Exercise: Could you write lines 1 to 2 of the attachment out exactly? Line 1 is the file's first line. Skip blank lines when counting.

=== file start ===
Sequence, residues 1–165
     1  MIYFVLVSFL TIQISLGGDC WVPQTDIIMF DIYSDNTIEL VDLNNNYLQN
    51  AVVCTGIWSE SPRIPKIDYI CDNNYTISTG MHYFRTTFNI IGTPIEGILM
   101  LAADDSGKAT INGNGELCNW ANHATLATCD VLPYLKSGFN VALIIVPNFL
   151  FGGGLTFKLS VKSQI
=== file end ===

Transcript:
Sequence, residues 1–165
     1  MIYFVLVSFL TIQISLGGDC WVPQTDIIMF DIYSDNTIEL VDLNNNYLQN